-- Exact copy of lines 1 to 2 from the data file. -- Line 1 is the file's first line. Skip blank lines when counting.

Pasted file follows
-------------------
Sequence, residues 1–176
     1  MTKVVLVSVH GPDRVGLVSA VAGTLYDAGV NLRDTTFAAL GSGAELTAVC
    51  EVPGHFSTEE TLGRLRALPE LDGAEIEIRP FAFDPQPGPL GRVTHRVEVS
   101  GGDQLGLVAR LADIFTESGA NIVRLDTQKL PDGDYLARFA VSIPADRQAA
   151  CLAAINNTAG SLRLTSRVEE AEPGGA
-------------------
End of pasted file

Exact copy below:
Sequence, residues 1–176
     1  MTKVVLVSVH GPDRVGLVSA VAGTLYDAGV NLRDTTFAAL GSGAELTAVC